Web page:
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Displaying items by tag: Lifeboat

The Courtmacsherry All-Weather RNLI Lifeboat was called out at 7.40 pm last night (Saturday) to go to the aid of a 40 ft Yacht which sought assistance 34 Miles off Courtmacsherry and due south of the Seven Heads peninsula in West Cork.

Under Coxswain Sean O Farrell and a crew of five, the Lifeboat was quickly away on the Bank Holiday Saturday and immediately made its way at full speed to the yacht.

The yacht had four persons on board and was en route to Spain from Ireland when they lost engine power two days ago.

Yesterday evening, they were losing all battery power as well and sought assistance from The Coastguard.

The Lifeboat reached the causality at 9.30 pm and immediately took the Boat in tow. After a slow tow in good conditions, the Lifeboat and the yacht arrived at the safe surrounds of the CastlePark Marina in Kinsale at 2.45 am this morning. The crew of the yacht were well pleased to be on safe soil early this morning, as they were drifting helplessly over the past few days in calm winds.  

The Crew on this long callout were Coxswain Sean O Farrell, Mechanic Tadgh McCarthy and Crewmembers Ken Cashman, Denis Murphy, Evin O Sullivan and Conor Tyndall.

Having been at sea for over eight hours, The Trent Class Lifeboat “Frederick Story Cockburn” returned to its moorings in Courtmacsherry just after 4 am, after refuelling.

Published in RNLI Lifeboats
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When Baltimore Lifeboat Station in West Cork was established the First World War was raging in Europe. That was back in 1915 when the original station was built, but due to the War no lifeboat arrived in Baltimore until 1919 …. and there was some feeling about her name…. She had been launched as the ‘Duke of Connacht,’ but because of sentiment in the wake of the Easter Rising of 1916, her name was changed to the ‘Shamrock’ before she arrived in Baltimore.

One of my particular maritime memories is being aboard the Baltimore Lifeboat when it used to be launched down the slipway from inside the old station. There was a steel girder across the roof and, if I remember correctly, it had a warning: “Mind Your Head” which flashed over the top of the lifeboat as it rapidly went down the slipway into the water.

This came to mind when I was given a look through the station’s recorded history, in conjunction with the planned celebration of its centenary this September.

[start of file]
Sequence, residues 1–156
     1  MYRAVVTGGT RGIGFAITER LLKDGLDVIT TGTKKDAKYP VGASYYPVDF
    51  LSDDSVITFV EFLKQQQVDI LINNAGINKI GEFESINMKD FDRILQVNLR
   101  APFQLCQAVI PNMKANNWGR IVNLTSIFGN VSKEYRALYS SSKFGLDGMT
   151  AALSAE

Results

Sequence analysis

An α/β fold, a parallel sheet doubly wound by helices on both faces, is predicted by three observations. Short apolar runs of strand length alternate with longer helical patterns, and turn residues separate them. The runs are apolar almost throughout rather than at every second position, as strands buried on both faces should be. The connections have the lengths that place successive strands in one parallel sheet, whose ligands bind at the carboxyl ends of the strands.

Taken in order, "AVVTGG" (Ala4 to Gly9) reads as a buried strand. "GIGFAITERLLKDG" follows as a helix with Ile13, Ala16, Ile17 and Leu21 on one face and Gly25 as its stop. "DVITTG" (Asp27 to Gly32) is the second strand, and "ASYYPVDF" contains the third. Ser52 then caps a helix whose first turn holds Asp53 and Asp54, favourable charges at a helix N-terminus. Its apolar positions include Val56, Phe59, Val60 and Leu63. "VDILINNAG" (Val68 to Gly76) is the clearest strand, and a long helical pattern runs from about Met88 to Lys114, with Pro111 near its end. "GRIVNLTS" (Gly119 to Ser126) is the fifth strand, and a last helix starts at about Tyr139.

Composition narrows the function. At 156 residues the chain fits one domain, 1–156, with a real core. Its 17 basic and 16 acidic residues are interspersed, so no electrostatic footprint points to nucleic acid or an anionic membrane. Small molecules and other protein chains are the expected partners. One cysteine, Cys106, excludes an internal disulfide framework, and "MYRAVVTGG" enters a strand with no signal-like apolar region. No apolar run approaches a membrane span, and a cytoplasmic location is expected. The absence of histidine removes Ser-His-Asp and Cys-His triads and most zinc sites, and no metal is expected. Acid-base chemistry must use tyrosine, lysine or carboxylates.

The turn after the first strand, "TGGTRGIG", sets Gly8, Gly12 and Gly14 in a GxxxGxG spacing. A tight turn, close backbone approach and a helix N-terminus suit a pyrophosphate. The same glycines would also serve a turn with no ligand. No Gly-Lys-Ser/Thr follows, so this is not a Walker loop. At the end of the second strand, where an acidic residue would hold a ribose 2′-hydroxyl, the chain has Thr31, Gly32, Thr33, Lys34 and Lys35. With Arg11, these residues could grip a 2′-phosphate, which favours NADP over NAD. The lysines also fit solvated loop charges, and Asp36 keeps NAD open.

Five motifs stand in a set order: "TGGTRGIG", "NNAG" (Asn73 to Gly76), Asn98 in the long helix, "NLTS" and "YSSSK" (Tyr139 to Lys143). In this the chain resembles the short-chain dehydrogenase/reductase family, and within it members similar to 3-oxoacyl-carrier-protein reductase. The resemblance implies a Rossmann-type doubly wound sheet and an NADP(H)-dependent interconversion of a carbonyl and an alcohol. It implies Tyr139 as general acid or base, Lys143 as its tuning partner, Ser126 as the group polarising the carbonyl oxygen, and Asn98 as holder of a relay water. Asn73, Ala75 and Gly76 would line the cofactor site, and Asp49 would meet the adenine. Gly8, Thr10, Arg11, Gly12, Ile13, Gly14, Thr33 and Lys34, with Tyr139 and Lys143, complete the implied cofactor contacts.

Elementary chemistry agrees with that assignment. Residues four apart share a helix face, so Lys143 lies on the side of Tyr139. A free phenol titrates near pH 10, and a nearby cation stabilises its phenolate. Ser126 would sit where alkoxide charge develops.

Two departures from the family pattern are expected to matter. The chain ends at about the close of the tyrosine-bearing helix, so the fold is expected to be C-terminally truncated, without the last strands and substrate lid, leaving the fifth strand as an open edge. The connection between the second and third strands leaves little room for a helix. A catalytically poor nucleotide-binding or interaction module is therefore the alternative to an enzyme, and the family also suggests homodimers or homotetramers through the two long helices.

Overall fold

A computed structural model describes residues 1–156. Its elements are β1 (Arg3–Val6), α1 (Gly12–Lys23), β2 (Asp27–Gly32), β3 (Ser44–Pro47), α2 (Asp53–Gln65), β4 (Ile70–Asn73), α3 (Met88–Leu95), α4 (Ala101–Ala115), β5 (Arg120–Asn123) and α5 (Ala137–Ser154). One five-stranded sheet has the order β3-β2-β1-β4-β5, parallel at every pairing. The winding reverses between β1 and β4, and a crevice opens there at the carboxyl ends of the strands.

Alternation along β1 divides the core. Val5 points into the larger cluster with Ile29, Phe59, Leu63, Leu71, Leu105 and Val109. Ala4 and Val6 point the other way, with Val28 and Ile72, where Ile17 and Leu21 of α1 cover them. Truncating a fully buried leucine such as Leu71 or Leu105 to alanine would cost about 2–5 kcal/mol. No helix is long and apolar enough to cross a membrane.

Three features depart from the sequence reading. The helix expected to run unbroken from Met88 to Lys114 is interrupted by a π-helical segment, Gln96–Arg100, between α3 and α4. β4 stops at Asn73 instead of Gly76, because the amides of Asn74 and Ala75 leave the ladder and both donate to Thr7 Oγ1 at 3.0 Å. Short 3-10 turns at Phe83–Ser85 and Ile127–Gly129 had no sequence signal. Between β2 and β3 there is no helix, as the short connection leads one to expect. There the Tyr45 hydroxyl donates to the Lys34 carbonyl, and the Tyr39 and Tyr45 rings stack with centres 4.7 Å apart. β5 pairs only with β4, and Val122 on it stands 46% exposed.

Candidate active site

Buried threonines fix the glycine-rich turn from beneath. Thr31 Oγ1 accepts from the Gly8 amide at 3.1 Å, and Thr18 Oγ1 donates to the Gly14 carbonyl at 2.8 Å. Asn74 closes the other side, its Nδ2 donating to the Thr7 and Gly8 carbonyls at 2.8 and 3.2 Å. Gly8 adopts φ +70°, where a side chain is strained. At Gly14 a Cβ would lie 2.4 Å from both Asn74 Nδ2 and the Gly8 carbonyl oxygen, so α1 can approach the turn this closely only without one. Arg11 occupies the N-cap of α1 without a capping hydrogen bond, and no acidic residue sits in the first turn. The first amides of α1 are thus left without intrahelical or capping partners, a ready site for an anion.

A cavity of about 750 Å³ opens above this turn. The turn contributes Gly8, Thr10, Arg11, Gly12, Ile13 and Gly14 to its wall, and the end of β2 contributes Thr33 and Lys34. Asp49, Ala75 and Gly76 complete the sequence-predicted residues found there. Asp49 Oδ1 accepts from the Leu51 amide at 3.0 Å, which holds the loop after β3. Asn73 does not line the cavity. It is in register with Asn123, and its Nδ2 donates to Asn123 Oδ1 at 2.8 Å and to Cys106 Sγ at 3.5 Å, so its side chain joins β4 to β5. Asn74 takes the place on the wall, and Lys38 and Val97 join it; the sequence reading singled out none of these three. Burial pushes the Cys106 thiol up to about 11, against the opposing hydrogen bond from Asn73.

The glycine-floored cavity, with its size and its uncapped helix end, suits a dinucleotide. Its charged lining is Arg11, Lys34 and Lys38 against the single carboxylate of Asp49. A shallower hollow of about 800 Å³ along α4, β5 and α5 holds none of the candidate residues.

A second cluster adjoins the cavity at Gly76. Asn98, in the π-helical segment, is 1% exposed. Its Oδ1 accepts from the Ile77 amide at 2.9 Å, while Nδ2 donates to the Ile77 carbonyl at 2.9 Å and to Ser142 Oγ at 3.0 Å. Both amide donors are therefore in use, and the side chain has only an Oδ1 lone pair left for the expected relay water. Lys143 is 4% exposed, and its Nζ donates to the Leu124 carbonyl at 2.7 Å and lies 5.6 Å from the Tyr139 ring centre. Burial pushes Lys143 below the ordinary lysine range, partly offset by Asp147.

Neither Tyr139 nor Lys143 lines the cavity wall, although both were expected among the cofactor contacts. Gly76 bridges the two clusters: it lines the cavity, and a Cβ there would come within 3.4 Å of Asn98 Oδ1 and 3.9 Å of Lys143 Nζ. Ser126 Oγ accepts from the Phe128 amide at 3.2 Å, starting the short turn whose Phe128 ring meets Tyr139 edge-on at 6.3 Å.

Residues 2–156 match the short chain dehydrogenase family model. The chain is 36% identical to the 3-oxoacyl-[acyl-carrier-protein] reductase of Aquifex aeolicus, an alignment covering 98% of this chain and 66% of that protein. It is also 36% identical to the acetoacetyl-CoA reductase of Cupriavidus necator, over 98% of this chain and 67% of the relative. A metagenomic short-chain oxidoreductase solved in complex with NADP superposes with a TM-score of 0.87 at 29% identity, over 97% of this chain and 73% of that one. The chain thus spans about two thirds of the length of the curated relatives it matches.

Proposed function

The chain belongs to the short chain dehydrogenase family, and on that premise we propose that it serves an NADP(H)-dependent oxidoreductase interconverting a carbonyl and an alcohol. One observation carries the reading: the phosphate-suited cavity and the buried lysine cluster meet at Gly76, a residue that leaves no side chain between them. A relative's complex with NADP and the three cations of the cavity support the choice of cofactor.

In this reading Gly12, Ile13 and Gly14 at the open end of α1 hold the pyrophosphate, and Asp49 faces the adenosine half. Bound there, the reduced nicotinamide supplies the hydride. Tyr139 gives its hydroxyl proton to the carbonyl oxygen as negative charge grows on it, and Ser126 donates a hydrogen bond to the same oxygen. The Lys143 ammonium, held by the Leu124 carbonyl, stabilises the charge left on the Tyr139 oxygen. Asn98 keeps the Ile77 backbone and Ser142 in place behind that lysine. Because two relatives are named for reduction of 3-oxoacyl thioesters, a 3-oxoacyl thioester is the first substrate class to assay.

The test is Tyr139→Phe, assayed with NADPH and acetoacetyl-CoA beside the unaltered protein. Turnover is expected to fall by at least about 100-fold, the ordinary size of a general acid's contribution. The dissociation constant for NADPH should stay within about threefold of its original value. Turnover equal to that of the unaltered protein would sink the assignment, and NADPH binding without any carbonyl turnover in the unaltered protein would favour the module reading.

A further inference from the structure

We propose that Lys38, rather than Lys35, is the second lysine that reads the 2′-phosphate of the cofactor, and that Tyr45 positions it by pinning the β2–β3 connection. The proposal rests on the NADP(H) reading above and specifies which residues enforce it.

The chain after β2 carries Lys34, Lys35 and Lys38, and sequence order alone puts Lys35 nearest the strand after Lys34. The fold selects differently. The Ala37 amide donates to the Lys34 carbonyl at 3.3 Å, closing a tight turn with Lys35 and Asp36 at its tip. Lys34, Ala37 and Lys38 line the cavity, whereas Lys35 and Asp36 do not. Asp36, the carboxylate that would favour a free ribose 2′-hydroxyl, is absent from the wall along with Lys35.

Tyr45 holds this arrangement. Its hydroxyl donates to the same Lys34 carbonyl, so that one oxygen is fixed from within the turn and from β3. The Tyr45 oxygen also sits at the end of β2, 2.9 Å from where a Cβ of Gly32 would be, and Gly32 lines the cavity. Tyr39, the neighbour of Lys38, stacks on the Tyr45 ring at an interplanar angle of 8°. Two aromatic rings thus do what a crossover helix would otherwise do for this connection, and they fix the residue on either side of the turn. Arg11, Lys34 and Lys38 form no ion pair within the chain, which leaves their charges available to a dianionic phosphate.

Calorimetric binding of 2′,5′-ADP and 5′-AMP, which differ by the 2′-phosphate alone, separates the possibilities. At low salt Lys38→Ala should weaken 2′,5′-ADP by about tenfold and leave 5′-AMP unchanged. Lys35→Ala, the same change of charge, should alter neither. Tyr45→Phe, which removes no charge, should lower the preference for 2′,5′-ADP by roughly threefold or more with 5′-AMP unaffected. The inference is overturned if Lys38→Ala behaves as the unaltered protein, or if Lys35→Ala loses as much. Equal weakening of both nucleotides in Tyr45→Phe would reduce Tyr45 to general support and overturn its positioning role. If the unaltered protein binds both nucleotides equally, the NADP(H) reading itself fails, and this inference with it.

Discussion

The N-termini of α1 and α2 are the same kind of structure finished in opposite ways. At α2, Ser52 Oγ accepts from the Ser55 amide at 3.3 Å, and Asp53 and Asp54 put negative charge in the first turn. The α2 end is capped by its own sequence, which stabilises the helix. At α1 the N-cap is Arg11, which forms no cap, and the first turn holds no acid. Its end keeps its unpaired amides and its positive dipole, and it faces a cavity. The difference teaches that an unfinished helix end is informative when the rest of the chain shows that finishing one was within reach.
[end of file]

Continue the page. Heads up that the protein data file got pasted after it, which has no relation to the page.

There’s a fine, modern lifeboat station in Baltimore now, with both offshore all-weather and inshore boats. I remember being there the morning of Charlie Haughey’s rescue from the sinking of his yacht, ‘Celtic Mist’ at the Mizen in October of 1985.

"Back in 1979, Baltimore was the first lifeboat to launch to the rescue of sailors in the Fastnet Yacht Race disaster"

Back in 1979, Baltimore was the first lifeboat to launch to the rescue of sailors in the Fastnet Yacht Race disaster. That event got more attention than another unusual service the same year when the West Cork crew assisted in transferring an injured man to Bantry Hospital following a mutiny aboard a Greek container ship!

There will be a lot happening on the lifeboat scene this year, with the last operational Tyne Class all-weather lifeboat on service in Ireland leaving over the next few months from service in Wicklow and new Shannon Class boats going there and Clogherhead.

And in Cork Harbour, Crosshaven lifeboat station is looking for crew for its inshore boat. Like many village communities, they have a large number of crew working outside the village during the day and, therefore, not available for emergencies, which is putting a strain on their ability to respond in working hours. So they are looking for people over 17 who are at home in the village during the day.

Listen to the podcast where Niamh Stephenson of the RNLI describes the changes and when the new Clogherhead boat will be arriving…..

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Rosslare Harbour RNLI rescued a windsurfer who fell off his board and got into difficulty on Sunday afternoon, ending up in the water for an hour and a half.

The volunteer crew was requested to launch their all-weather lifeboat by the Irish Coast Guard at 1.15pm on Sunday (13 January) after a passer-by raised the alarm. 

The man had fallen off his board and despite attempting to get back on, he kept getting blown off by the wind and was being swept out to sea. 

The lifeboat under Coxswain Art Sheil and with six crew members onboard, launched immediately and made their way to the scene.

Weather conditions at the time were described as blowing a Force 4-5 south to southwesterly wind.

On arrival, the lifeboat crew located the casualty 1.1 nautical miles offshore. The windsurfer was cold and in shock but otherwise safe and well.

He was subsequently transported onto the lifeboat where he was first assessed and then brought back to the comfort of Rosslare Harbour’s lifeboat station. 

Speaking following the call out, Dave Maloney, Rosslare Harbour RNLI Lifeboat Operations Manager said: ‘We would like to commend the member of the public who spotted the windsurfer in difficulty and raised the alarm, that was an important factor in this call out as the man was in the water for an hour and a half. Thankfully, despite being cold and shook up, he was otherwise ok. 

‘It is important to always respect the water and to be mindful that conditions at sea can change and cause problems. We would encourage people to always carry a means for calling for help such as a personal locator beacon, especially if windsurfing alone - it could be a lifesaver. Always tell someone you are going out and when you will be back. Make sure they know where you are sailing and who to call if you are not back in time.’

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Volunteers from Ballyglass RNLI spent 11 and half hours at sea today to bring three fishermen to safety off the Donegal coast.

The lifeboat crew were requested to launch their all-weather lifeboat at 4 am yesterday morning  following a request from the Irish Coast Guard to go to the aid of three fishermen onboard a 10m vessel that had got into difficulty 38 miles from Ballyglass.